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Growing up in L.A. — Rock Photography and Photographing Michael Jackson — Feeling Split Between Commercial Work and Art — The Colonized Mind — Finding Balance Between Mind and Body — Make Rules Break Rules
Todd Gray joins Lindsay for an hour-long conversation surrounding his work and the influences that life experiences have had on his approach to thinking and making. Gray’s meticulous photographs are framed and then stacked on top of each other, so certain areas are strategically concealed. Some of his works contain images of Michael Jackson among his other subjects of European gardens and scenes shot in Africa. As a teen, Gray started taking photos at rock concerts, and for a stint became a successful music photographer, working with The Rolling Stones, and doing album art for Jackson Five, Gladys Knight, and Stevie Wonder. He later became Michael Jackson’s personal photographer and amassed a huge archive of images. Alongside all this, Gray received his MFA from CalArts in 1989 where he studied under photographer Allan Sekula and focused primarily on ideas of mental colonialism. These ideas first started around his well-known subject, Michael Jackson, until Gray realized that his own mind had been colonized by his western upbringing and education. Todd and I talk about the split between a western logical thinking, and a more African bodily and intuitive way of thinking—and how much of his practice is an effort to reconcile the two.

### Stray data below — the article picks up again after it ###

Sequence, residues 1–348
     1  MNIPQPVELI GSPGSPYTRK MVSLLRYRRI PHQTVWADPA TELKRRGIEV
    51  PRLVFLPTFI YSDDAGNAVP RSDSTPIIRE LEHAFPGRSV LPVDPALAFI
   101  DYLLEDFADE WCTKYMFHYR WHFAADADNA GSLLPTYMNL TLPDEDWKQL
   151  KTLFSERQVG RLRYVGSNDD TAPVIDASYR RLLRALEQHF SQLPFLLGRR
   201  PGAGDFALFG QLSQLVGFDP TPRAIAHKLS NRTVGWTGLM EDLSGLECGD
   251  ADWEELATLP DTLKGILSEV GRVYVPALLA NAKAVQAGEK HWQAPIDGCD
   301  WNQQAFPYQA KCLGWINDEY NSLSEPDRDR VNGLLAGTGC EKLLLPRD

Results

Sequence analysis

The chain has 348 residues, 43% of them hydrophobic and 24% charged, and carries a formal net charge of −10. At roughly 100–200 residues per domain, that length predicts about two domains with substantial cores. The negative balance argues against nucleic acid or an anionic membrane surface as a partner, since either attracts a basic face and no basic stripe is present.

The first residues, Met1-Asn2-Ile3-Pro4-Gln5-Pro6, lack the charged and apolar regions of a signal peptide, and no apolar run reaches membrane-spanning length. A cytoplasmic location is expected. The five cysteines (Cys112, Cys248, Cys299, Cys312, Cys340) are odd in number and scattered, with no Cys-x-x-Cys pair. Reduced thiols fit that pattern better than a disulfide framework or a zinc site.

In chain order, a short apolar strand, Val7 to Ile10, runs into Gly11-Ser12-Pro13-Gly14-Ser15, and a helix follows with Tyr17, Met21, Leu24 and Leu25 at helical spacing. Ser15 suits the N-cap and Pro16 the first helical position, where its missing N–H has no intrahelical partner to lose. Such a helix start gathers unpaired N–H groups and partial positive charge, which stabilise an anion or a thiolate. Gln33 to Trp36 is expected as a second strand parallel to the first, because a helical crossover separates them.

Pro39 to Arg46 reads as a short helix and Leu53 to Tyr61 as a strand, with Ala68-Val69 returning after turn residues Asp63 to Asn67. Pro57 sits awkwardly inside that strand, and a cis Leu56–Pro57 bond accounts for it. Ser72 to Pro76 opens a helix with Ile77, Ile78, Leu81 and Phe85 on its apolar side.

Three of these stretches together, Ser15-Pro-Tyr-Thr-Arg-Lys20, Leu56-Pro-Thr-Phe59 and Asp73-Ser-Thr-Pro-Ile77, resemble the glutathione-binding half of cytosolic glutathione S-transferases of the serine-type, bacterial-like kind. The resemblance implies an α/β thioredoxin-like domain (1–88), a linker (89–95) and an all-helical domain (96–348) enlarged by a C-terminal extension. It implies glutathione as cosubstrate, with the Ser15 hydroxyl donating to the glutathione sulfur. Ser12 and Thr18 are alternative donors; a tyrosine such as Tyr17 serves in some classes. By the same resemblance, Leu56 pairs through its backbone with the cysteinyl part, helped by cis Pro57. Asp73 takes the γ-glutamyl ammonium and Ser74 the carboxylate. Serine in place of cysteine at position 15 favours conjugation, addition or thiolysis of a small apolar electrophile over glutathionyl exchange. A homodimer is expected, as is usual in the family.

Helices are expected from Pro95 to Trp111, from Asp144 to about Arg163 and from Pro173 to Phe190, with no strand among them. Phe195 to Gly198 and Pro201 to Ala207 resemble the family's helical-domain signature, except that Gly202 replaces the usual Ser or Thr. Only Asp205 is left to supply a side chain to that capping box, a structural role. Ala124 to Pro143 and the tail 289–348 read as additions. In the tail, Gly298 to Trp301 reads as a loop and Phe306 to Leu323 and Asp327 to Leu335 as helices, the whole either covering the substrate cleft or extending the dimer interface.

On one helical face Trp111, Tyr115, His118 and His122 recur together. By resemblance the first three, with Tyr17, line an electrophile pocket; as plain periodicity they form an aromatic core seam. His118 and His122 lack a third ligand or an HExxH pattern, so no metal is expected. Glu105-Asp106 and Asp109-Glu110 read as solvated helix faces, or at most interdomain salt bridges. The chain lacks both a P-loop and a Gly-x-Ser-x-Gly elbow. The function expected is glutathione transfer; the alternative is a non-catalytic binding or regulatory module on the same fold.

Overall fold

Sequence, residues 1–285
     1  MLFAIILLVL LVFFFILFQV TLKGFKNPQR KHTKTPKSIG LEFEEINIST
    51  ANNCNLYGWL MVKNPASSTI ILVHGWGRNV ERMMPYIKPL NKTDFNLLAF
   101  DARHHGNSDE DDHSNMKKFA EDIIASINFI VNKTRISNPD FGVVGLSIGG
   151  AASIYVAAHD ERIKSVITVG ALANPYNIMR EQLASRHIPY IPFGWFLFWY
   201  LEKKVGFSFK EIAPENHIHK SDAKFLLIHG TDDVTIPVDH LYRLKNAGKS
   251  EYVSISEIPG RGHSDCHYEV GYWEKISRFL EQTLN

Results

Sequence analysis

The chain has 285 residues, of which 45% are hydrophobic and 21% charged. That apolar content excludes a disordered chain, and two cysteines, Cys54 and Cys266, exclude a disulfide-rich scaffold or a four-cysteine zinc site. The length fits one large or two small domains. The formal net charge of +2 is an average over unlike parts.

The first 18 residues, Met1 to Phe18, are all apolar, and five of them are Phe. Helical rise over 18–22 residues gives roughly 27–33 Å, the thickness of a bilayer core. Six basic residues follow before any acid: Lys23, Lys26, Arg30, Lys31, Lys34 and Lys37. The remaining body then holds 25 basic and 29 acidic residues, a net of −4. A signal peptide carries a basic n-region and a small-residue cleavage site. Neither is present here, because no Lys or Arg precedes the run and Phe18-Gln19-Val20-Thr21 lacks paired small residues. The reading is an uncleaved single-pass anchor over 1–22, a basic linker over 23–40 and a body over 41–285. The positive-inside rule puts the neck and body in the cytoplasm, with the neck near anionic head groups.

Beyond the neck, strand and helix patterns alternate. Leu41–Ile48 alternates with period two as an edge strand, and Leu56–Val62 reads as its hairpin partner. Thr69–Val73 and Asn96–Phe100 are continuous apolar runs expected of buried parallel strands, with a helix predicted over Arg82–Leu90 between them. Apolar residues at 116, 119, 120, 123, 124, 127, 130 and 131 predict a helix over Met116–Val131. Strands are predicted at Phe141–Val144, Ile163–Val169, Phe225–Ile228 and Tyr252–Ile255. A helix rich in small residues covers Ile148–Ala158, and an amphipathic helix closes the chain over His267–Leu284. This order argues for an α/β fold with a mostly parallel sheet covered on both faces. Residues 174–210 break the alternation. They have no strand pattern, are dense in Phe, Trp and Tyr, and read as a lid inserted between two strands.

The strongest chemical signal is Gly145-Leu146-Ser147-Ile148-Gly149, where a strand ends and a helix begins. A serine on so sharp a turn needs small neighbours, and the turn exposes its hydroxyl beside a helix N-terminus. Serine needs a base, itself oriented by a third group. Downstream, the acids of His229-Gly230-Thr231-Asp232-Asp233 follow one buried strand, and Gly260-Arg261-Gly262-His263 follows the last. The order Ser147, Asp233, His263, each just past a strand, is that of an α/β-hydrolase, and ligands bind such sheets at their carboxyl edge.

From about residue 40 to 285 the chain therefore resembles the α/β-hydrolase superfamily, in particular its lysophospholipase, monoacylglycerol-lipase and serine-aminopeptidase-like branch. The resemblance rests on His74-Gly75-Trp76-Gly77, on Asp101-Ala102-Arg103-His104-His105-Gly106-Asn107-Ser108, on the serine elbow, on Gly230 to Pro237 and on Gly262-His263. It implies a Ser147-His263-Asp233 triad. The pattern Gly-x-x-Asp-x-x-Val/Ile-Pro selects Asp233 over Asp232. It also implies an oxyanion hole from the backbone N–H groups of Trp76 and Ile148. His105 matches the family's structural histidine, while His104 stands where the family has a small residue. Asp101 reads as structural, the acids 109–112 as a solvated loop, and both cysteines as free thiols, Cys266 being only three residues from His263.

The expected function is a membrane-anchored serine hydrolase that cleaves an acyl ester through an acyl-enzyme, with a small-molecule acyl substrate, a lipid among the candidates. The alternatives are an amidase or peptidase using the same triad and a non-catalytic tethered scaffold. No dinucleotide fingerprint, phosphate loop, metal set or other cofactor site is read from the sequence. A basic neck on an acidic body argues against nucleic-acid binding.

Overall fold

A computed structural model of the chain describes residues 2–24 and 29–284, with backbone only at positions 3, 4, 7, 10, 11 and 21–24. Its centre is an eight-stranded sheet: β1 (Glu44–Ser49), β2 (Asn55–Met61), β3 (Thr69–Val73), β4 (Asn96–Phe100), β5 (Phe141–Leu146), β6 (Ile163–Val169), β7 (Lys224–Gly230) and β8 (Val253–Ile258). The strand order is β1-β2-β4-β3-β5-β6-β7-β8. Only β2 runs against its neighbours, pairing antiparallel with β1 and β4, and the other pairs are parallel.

Gray’s exhibition, Euclidean Gris Gris, is on view at Pomona College Museum of Art through May 17, 2019.